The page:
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Unformatted text preview: (5) A company would like to construct a cylindrical can with an open top with a volume of 4 cubic feet. If the cost of the materials for the sides of the can is $2 per square foot, and the cost of materials for the bottom of the can is $5 per square foot, what are the dimensions of the can (radius, height) which will minimize the cost of the materials? Potentially useful formulas: Volume of a cylinder = r 2 h Surface area around a cylinder = 2 rh Area of a circle = r 2 Find the dimensions of the can (radius, height) which achieve the minimum cost of materials. Solution. In this problem we are trying to minimize the cost of the materials. We can find a formula for this cost as: (cost) = (cost of sides) + (cost of bottom) The cost of the sides is 2(area of sides) and the cost of the bottom of 5(area of bottom). In particular, we have (using the formulas given): C = 5 r 2 + 2 2 rh = 5 r 2 + 4 rh where r is the radius of the can, h is the height, and C is the total cost. Now, we need to eliminate one of these variables in order to get just one variable. To do this, we use the fact that the volume is fixed at 4 cubic feet. Using the formula above this says: 4 = r 2 h We can then solve this for h to get: h = 4 r 2 Substituting this into the equation for C , we obtain C as a function only of r : C = C ( r ) = 5 r 2 + 4 r 4 r 2 = 5 r 2 + 16 /r Now we need to determine the interval on which this function is defined that is to say, we need to find which values of r which satisfy the constraints of the problem. In this case, or course, r certainly cannot be negative. Besides this, the only constraint we actually have is that the volume of the can must be equal to 4. This means that it doesnt make sense to have the radius equal to 0 (since such a can would have no volume). On the other hand, we can make the radius very small, since by then making the can very tall, we would still be able to have the required volume of 4. This says so far: < r Now we need to ask how large r could be. If we made r very large, so that the base is very wide, we ask whether we might still be able to ensure that the volume is 4. We 1 can do this by making the can sufficiently short. Therefore we can make the radius as big as we like. This says that the interval is: (0 , ) Therefore we cannot use the closed interval method, but instead must use the first derivative test (i.e. make a sign chart for the derivative). The next step is to find the critical points for C ( r ). We first take the derivative: C ( r ) = 5 2 r + 16 ( 1) r 2 = 10 r 16 /r 2 The only place this is not defined would be at r = 0, but this is not in the interval, so we dont think of this as a critical point. We therefore consider whereso we dont think of this as a critical point....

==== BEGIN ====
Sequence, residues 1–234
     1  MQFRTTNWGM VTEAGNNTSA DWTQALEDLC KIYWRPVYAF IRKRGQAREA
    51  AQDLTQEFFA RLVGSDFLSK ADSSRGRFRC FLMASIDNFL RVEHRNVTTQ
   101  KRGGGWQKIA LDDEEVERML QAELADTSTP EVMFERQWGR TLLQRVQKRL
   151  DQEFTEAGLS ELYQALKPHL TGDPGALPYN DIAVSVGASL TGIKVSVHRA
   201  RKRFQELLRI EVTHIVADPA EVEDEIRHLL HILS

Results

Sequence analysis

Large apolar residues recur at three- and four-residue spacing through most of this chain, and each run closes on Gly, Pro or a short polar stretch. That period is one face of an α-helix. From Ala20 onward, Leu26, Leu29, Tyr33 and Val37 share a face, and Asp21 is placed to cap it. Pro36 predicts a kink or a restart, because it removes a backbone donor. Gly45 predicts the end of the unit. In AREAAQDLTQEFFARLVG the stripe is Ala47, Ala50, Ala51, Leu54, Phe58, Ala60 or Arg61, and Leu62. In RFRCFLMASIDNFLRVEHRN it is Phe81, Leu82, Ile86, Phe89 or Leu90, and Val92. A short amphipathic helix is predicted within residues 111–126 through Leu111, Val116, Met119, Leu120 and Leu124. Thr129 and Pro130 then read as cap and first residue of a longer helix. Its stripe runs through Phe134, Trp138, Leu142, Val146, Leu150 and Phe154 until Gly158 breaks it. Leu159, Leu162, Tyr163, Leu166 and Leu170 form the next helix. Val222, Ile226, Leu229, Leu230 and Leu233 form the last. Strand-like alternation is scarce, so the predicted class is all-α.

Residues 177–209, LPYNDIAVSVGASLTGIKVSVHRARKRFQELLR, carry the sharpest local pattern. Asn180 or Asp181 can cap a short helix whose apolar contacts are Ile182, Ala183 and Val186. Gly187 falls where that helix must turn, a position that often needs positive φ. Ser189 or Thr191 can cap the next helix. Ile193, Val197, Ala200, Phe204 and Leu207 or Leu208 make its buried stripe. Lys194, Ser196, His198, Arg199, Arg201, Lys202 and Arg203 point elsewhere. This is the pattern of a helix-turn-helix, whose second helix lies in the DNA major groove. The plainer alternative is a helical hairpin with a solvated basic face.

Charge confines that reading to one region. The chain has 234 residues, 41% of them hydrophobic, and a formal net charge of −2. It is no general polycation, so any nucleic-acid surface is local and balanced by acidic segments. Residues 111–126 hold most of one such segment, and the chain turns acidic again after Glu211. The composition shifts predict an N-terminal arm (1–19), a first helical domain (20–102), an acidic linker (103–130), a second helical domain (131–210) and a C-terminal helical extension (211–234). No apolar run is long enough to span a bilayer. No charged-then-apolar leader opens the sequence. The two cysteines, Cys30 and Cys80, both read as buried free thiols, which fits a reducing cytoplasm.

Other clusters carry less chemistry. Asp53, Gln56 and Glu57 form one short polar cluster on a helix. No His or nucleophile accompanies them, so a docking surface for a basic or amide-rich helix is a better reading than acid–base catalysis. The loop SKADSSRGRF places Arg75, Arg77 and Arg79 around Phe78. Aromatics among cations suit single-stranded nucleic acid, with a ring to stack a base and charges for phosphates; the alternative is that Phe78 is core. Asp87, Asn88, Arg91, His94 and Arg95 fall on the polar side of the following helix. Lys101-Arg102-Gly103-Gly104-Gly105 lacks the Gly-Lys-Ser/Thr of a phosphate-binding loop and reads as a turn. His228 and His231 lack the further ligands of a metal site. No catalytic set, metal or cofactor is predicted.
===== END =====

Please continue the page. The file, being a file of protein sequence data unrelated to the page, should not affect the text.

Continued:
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This note was uploaded on 12/10/2011 for the course MATH 2200 taught by Professor Kazez during the Fall '08 term at University of Georgia Athens.
 Fall '08
 KAZEZ
 Calculus

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